How to find the MAX I/O a physical disk can support?

My application is doing I/O, and I can find the actual throughput (Blk_wrtn/s) by using linux commands. But how can I find what is max limit I can reach? I want to know if it can be further loaded.


3 Answers 3


Obiously using Unix tools is the easiest way to do it. You can measure the max operation by creating a test case and use appropriate tools to measure its perfomance. A good resource can be found here: LINUX - Test READ and WRITE speed of Storage

sudo hdparm -tT /dev/sdX

for example as read test.

And to measure write:

dd if=/dev/random of=<some file on the hd> bs=8k count=10000; sync;

# Hit CONTROL-C after 5 seconds to get results
# 65994752 bytes (66 MB) copied, 21.8919 s, 3.0 MB/s


Note As pointed out in the comments the dd command also measures the performance of the file system and even /dev/random. It does measure the write performance of an environment, that heavily depends on the hard disks performance, though.

  • what should the file testfileR contain and where it should be placed
    – weima
    Commented Nov 4, 2015 at 9:08
  • The command creates the file, it must reside on the hard drive you want to test. See the updated answer.
    – blissini
    Commented Nov 4, 2015 at 10:54
  • 1
    That's also measuring the performance of the file system and even /dev/urandom - all at once. Commented Nov 4, 2015 at 12:06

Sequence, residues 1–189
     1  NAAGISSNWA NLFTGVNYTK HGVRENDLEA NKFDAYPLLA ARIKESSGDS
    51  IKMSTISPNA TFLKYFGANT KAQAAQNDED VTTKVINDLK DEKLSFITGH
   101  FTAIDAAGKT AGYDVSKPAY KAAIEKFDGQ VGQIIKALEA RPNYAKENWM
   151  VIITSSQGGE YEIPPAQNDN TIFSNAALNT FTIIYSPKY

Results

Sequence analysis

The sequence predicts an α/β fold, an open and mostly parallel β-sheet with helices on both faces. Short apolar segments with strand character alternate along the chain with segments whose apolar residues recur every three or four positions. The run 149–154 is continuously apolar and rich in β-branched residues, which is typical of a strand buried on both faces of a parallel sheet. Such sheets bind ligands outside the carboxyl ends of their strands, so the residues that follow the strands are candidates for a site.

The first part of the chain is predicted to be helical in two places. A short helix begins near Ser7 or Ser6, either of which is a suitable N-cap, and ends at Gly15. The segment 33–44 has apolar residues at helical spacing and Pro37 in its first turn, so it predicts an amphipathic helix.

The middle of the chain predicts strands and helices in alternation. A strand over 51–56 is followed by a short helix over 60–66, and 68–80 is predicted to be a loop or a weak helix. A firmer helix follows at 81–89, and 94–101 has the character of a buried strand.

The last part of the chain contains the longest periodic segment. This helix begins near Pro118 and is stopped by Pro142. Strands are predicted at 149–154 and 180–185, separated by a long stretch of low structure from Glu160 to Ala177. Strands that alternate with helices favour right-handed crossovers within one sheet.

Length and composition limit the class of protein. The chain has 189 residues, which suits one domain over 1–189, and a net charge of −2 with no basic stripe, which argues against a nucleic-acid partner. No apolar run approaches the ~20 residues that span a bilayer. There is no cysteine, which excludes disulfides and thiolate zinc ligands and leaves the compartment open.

• You are correct, @AndrewHenle
    – blissini
    Commented Nov 5, 2015 at 11:38

Blk_wrtn/s really depends on the type of workload. Linear write is much faster, random write can be really slow. So you will not be able to say one number, but there are a lot of tools to simulate and benchmark different workloads, e.g. iozone, dbench.

Now to monitor the current workload, I usually use iostat. E.g.:

iostat -x 10

The last column is %util, if that is below 100, you can still put some IO load there. Of course, you always want to have some reserve, so 60-90% is a realistic target based on the stability of the workload and the required responsiveness.


You can use a benchmarking tool like bonnie++

From the man page

Bonnie++ is a program to test hard drives and file systems for performance or the lack therof. There are a many different types of file system operations which different applications use to different degrees. Bonnie++ tests some of them and for each test gives a result of the amount of work done per second and the percentage of CPU time this took. For performance results higher numbers are better, for CPU usage lower are better (NB a configuration scoring a performance result of 2000 and a CPU result of 90% is better in terms of CPU use than a configuration delivering performance of 1000 and CPU usage of 60%).

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